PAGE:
TIME: Minari might not have been made had you not read
Last month, the Oscars announced its most diverse class of acting nominees ever. Nine actors of color received nominations, including Viola Davis (Ma Rainey’s Black Bottom), Daniel Kaluuya (Judas and the Black Messiah) and Steven Yeun (Minari).
While many of the headlines focused on this breakthrough, this year’s crop of Oscar-nominated films also reflect increased representation among a less visible but arguably equally important contingent: film producers. Producers are crucial to every step of a movie: in conceptualizing the initial idea, tweaking the script, securing financing, attaching on- and off-screen talent, assembling the film’s enormous staff, securing distribution, and more. Studies have shown that people of color are severely underrepresented in these roles, and that that dearth has a huge impact on both the staffing of a film and its depiction of characters from different backgrounds. According to McKinsey, less than 1% of films with no Black producers had a Black writer on staff; on the flip side, 73% of films with Black producers hired at least one Black writer.
This year, producers of color powered half of the year’s Best Picture nominees as well as many other Oscar-nominated films, bringing their life experience and cultural knowledge to emphasize authenticity and depth in every aspect of filmmaking. In anticipation of Sunday’s awards show, TIME interviewed four those producers—Christina Oh of Minari, Jess Wu Calder of One Night in Miami, Peilin Chou of Over the Moon and Charles D. King of Judas and the Black Messiah—about their career paths and the importance of off-screen representation. The conversations have been condensed and edited for clarity.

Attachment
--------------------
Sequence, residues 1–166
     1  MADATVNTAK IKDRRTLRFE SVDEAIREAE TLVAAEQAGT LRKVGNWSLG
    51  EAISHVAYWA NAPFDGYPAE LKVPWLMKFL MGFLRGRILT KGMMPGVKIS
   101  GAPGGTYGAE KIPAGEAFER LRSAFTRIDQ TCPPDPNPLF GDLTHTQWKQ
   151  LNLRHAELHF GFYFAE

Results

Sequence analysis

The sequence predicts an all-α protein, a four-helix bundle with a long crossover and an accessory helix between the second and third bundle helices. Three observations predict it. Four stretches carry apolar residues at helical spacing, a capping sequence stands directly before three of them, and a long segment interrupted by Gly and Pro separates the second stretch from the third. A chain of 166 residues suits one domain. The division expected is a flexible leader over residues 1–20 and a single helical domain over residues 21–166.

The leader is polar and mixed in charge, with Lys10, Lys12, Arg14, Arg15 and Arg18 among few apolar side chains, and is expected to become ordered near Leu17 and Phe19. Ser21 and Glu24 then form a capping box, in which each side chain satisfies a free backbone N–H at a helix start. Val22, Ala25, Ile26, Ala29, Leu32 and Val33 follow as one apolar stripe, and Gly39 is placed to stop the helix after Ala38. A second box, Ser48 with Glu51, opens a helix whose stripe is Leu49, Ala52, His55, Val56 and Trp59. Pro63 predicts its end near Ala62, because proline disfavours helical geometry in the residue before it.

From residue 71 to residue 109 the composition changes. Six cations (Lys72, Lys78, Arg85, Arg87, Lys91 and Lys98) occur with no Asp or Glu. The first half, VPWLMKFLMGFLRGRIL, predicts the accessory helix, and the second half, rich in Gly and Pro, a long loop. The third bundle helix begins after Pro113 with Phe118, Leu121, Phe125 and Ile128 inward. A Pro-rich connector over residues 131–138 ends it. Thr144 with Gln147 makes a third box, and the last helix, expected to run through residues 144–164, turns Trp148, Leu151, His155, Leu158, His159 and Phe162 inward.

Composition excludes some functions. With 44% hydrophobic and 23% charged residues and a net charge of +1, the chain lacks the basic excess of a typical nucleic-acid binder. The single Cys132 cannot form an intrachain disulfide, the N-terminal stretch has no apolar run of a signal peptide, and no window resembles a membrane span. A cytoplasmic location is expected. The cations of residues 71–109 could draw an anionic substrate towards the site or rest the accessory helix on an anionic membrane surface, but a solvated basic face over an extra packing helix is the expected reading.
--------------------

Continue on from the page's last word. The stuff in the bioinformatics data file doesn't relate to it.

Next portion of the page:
Films include: Minari, Okja
Matt Winkelmeyer/Getty Images)Christina Oh at the 2020 Sundance Film Festival Awards Night Ceremony
TIME: Minari might not have been made had you not read Lee Isaac Chung‘s script and fought for it to be made at the production company where you work, Plan B. How did you have the conviction to fight for a film that didn’t follow Hollywood archetypes?
Oh: It was the first time I had read something where I felt like I could authentically be helpful. I felt a deep understanding and a connection to the material and to the family. The emotional drama that the family goes through is very similar to mine and also I think very similar to Steven Yeun’s; it’s a little bit of a common thread amongst …read more
Source:: Time – Entertainment